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A progressive Jekyll theme that supports the best web practices possible to build a single page resume


  • Perfect 100 out of the box for google lighthouse auditing
  • Massive browser & nojs support
  • Service worker installation to efficiently cache, with intelligent cache / network fallback choices.
  • Modern image serving (high resolution lazy load + low resolution eager load)
  • Runtime responsive image generation
  • Sleek design
  • Easy to deploy with services like Github Pages or AWS


  • Aided by js and browser support BUT NOT COMPRIMISED without such comforts
  • Up to code with ALL PWA STANDARDS
  • Must look exactly as envisioned, due to difficulty with #1 or #2
    ^Literally anything is possible with #1 and #2 if you put your mind to it


This theme is supported by jquery, bootstrap, lazysizes, jekyll-assets, and imagemagick


  • Fork & clone the repo ( maybe star too ;) )
  • Install imagemagick and associated libraries (libpng, libwebp, any others you might want too)
  • bundle install && bundle exec jekyll serve

Navigating the Theme

Jekyll Reflection uses a fairly intuitive asset layout
The site by default builds into the /docs folder
_pages contains root html / manifest files
_layouts contains layouts
_includes contains partials, grouped in subfolders based on the page they are used in (or global, for shared use)
_data contains yml files for styling the theme and dynamically expanding your project / about sections
_assets contians assets, also grouped by page

Making it Your Own

This asset layout and theme management was chosen so you can create anything you image
Try your best to stick to using jekyll-assets / the _lazy_image.html file for any assets you choose to use
Avoid writing complex css, bootstrap probably has a class for the stylings you will include
Keep the JS light, and make sure the site still works without it
Use sites like caniusethat to confirm feature support for anything you build


When deploying to github pages, simply build the site locally in production mode, and push the /docs folder against your pages repository. Feel free to consider a CI to automate this proceedure for you.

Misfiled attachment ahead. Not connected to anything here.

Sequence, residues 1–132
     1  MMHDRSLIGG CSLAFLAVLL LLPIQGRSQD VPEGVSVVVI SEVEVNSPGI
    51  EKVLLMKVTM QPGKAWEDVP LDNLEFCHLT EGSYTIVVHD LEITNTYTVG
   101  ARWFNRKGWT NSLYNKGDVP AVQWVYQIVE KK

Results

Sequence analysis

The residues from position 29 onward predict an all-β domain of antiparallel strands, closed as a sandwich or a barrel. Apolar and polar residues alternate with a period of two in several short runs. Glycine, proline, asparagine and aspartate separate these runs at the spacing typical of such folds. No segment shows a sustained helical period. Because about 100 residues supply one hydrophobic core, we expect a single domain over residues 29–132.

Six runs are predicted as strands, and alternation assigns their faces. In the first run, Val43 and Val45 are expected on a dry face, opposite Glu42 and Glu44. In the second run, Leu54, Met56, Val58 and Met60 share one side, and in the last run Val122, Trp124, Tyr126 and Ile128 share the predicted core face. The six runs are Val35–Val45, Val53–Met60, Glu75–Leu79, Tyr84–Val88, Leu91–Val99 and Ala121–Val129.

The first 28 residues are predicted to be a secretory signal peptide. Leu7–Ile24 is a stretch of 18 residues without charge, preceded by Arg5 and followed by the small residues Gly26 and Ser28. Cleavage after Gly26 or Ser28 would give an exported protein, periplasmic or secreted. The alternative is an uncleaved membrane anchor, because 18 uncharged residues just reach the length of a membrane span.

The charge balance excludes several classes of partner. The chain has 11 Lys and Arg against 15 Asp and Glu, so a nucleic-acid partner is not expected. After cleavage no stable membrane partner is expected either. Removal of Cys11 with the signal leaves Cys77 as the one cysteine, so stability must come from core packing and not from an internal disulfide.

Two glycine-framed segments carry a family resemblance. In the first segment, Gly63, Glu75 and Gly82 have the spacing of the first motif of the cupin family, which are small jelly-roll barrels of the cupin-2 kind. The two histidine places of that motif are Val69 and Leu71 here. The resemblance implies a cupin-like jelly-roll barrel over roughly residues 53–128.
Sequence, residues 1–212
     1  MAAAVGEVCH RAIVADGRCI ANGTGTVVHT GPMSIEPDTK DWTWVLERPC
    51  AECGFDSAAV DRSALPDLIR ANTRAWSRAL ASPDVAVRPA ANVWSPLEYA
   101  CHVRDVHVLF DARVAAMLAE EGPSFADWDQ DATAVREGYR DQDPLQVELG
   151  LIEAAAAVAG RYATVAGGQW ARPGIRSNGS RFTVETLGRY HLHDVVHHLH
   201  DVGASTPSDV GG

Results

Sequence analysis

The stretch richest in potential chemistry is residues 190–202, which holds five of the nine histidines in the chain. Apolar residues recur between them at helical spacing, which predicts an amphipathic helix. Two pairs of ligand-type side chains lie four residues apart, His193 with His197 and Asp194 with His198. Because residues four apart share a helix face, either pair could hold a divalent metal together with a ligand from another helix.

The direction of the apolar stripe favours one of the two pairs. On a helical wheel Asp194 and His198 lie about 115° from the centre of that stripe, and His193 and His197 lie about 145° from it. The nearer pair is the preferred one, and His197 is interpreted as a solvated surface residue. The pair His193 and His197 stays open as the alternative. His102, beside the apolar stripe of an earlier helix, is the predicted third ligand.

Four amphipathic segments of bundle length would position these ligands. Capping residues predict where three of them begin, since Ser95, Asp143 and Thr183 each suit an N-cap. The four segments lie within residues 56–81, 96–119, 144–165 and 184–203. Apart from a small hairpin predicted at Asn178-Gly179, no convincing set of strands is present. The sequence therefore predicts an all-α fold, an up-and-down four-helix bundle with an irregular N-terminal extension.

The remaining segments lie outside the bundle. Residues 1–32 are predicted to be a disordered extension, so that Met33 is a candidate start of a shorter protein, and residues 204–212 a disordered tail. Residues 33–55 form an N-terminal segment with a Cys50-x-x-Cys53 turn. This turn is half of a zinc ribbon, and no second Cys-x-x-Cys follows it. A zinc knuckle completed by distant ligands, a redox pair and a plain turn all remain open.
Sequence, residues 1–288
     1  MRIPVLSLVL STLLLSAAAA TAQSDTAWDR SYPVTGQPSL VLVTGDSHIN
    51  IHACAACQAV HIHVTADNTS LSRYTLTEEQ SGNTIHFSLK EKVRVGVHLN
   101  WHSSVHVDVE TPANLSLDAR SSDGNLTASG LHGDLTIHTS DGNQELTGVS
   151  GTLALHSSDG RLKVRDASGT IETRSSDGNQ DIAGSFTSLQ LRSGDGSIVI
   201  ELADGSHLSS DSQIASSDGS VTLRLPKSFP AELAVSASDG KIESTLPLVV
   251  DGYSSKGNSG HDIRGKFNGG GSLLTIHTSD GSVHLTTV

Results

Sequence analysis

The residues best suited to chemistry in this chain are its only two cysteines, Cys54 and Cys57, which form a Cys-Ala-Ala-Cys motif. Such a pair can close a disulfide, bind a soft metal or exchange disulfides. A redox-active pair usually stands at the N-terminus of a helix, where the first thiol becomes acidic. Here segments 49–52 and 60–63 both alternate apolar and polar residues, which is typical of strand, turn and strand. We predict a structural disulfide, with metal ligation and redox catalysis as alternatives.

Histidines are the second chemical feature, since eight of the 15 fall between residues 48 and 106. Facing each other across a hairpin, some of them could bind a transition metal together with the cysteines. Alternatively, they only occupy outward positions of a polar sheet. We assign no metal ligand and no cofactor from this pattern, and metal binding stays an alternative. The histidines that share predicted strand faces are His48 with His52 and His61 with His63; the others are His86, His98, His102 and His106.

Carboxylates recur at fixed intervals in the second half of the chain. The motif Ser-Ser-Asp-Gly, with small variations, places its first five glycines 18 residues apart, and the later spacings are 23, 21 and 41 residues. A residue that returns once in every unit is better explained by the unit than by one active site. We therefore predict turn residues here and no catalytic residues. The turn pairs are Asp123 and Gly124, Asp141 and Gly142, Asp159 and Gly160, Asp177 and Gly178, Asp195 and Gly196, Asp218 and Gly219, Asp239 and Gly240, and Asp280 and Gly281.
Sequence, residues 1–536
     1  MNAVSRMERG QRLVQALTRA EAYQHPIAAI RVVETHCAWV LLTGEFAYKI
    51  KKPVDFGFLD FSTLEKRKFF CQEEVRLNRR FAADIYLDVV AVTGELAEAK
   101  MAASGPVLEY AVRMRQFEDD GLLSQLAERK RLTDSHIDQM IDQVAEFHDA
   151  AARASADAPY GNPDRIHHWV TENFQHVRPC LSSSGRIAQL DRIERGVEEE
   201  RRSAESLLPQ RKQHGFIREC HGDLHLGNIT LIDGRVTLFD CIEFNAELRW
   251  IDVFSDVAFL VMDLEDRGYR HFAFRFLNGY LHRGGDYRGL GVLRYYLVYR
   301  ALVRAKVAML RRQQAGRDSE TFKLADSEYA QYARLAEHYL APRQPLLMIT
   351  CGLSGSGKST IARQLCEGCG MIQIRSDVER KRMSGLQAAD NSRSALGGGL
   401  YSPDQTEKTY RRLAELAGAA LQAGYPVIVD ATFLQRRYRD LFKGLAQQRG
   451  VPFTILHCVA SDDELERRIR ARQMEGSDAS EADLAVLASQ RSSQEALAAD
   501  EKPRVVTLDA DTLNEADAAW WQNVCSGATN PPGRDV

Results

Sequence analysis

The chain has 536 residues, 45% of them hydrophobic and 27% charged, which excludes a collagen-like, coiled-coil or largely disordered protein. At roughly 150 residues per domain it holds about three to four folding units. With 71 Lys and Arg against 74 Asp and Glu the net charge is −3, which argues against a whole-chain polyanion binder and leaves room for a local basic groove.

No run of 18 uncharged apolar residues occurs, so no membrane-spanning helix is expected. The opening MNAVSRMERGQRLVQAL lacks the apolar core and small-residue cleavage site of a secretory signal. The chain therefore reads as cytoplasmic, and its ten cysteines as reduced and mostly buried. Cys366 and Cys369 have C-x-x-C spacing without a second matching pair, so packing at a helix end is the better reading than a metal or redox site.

AWS also has great hosting options (and their free tier will almost certainly cover a small site). AWS Amplify, or simply EC2 + Cloudfront can be deployed in minutes. You will see large benefits from having proper cache control and a CDN. Provide them a custom docker image with the required imagemagick dependency to dynamically build your assets.

## Install ImageMagick
RUN yum install -y libtool-ltdl libjpeg libjpeg-devel libpng libpng-devel libtiff libtiff-devel libwebp libwebp-devel LibRaw LibRaw-devel jxrlib git make automake gcc pkgconf && \
    git clone && \
    cd ImageMagick && git checkout 7.0.8-40 && \
    ./configure && make && make install && \
    cd ../ && \
    rm -rf ./ImageMagick && \
    yum remove -y git make automake gcc libjpeg-devel libpng-devel libtiff-devel libwebp-devel LibRaw-devel && \
    yum clean all


Background image css files need manual modification when someone edits the jekyll theme, need to find a better way

Get service worker to cache everything on the very first page load with no overhead

Figure out a clean way to minify the serviceworker.js (and perhaps html too since were static serving!) without comprimising the layout of our directory

Move the browserconfig.xml and site.webmanifest out from pages, but while still placing them on root after compilation

Use NPM for vendor assets instead of hard-copying them